The Reality: The Harlan County Courthouse continues to function as a government building with monthly fiscal court meetings being held in the same courtroom where Manzo was shot. The paranormal investigators and historians with Bloody Harlan Tours lead ghost tours throughout downtown Harlan including the haunted courthouse. Their tours operate year round but are especially popular during the season leading up to Halloween. You can join them for a free tour on October 21st as part of the Downtown Harlan Vintage Fall Festival or on October 27 as part of the Harlan County Jeep Fest.
-In a historic downtown, every building has a purpose it previously served before becoming what we see today. 108 N. Main Street was once a hardware store with a funeral parlor located on the upper floors. Many believe that the funeral parlor’s clients may still be lingering in the store. The current owners report hearing footsteps and noises in areas where there are no people. They also report items being moved. The activity has been so notable that paranormal investigators have confirmed their reports and added even more information with the use of EVPs. The EVPs indicate multiple spirits in the building.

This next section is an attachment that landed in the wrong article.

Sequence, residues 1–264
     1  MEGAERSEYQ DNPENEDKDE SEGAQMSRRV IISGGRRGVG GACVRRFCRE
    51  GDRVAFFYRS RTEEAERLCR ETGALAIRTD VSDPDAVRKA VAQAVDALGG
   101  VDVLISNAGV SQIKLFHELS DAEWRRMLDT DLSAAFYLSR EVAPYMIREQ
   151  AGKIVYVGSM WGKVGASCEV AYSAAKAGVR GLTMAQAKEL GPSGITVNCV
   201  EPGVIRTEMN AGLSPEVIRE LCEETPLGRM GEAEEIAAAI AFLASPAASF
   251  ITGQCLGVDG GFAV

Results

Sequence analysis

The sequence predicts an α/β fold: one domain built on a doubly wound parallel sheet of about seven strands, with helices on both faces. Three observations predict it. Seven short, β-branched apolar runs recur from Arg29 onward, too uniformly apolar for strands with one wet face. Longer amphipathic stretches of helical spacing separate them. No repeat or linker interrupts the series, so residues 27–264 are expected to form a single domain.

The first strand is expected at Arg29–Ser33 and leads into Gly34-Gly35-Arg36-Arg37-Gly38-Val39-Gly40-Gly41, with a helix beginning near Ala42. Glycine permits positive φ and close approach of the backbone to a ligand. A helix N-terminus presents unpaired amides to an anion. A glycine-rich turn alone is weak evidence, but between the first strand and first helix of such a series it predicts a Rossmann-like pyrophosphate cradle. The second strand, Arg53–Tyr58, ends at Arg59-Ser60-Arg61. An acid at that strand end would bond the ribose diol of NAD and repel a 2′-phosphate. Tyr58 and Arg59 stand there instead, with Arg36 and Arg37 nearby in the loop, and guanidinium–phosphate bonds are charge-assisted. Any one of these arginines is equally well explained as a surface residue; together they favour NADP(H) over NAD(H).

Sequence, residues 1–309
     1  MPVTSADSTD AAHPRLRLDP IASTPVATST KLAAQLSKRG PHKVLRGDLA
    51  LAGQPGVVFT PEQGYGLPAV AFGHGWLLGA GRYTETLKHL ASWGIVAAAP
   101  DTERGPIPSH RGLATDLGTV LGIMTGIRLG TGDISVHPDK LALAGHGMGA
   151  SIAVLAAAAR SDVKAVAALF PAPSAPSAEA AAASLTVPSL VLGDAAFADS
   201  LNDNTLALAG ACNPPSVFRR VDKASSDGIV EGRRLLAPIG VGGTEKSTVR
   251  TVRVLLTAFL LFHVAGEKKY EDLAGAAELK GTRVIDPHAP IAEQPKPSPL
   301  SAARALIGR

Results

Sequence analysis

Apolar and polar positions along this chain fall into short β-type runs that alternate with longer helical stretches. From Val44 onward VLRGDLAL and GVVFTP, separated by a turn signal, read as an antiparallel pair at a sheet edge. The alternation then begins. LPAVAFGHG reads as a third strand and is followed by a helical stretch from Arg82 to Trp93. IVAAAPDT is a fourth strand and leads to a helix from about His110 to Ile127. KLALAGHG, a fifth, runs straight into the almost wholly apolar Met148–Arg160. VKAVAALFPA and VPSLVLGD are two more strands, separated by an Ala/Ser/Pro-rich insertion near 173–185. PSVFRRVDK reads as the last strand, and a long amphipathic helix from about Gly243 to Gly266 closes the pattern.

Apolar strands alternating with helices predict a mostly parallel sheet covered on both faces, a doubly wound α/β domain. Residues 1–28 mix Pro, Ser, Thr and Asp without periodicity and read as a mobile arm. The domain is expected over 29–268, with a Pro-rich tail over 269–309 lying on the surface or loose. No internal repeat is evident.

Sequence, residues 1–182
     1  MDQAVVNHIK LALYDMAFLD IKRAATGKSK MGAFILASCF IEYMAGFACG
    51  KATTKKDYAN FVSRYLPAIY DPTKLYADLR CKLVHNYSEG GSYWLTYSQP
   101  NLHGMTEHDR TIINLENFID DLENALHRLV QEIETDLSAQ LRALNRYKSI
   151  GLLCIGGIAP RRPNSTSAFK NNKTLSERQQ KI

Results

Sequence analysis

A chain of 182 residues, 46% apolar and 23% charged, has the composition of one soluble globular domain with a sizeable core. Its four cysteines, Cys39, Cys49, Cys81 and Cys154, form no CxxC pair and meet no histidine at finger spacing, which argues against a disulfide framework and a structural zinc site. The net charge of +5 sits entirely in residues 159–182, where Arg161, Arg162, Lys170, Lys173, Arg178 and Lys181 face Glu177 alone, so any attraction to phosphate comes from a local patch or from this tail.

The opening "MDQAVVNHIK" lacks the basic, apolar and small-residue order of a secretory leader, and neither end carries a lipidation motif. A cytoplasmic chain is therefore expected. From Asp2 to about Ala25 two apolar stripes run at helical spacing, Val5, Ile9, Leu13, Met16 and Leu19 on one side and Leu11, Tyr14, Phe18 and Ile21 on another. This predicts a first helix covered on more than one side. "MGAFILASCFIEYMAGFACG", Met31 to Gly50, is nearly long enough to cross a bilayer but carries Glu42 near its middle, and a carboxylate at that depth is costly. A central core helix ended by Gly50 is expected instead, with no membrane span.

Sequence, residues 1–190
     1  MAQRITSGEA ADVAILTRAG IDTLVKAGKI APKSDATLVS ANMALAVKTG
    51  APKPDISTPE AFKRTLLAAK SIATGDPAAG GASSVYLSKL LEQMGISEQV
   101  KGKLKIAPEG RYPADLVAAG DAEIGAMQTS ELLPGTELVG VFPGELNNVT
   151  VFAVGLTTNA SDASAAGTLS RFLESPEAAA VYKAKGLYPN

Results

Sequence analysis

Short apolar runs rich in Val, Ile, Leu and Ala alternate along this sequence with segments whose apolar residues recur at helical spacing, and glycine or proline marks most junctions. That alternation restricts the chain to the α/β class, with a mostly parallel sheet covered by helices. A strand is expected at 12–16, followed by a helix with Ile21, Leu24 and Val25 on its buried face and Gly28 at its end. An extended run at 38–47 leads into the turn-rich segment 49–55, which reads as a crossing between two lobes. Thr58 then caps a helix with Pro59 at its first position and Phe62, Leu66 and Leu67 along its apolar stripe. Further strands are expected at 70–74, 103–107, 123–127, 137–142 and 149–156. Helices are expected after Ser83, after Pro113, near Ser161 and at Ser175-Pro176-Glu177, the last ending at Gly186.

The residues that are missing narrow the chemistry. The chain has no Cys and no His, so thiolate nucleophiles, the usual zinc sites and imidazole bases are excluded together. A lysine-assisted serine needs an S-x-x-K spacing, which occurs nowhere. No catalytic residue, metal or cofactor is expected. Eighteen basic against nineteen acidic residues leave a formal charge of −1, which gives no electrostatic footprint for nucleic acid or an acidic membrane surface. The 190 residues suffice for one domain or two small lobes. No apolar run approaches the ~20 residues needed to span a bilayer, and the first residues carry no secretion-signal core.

The Reality: Sassy Trash is a popular store selling vintage and handmade items. The owners converted the upper floors of the shop into an apartment. The results of the paranormal investigation are documented in a production called Bazaar Encounters. You can visit the shop Wednesday-Saturday with new arrivals hitting the shelves every week. When you go to the counter to make your purchases, avoid ringing the service bell. The spirits say they hate the sound.
The Ghost of Highway 38
The Legend: Travelers on Highway 38 between Harlan and Evarts have been reporting sightings of a ghostly woman in white for 80 years. According to locals, she is most likely to appear on a dark and rainy night in the Coxton area. She also typically favors men over women. While a glimpse of a specter on a dark highway would be enough to frighten anyone, the woman’s next move is truly terrifying. After being spotted on the road, she appears in the backseat of the vehicle with the startled driver. This isn’t just your run of the mill urban legend of a ghostly hitchhiker. Reputable community members, including law enforcement, have reported the woman. In addition, her sudden appearance has scared some so thoroughly that they quit their jobs to avoid making deliveries or driving buses along this route.
The Reality: Highway 38 connects Harlan to Evarts and each year thousands of tourists traveling to the Black Mountain Off Road Adventure Area are completely unaware that they are driving through a haunted stretch of road. In recent years, paranormal investigators have focused on a grisly ax murder that left a young newlywed bride dead at the hands of her groom. Is this is the intersection where true crime meets paranormal legend? Read more about the murder of Marguerite Craig here.
Our mountains are full of mystery. We hope this spooky season, you take time to explore the sites and the unseen!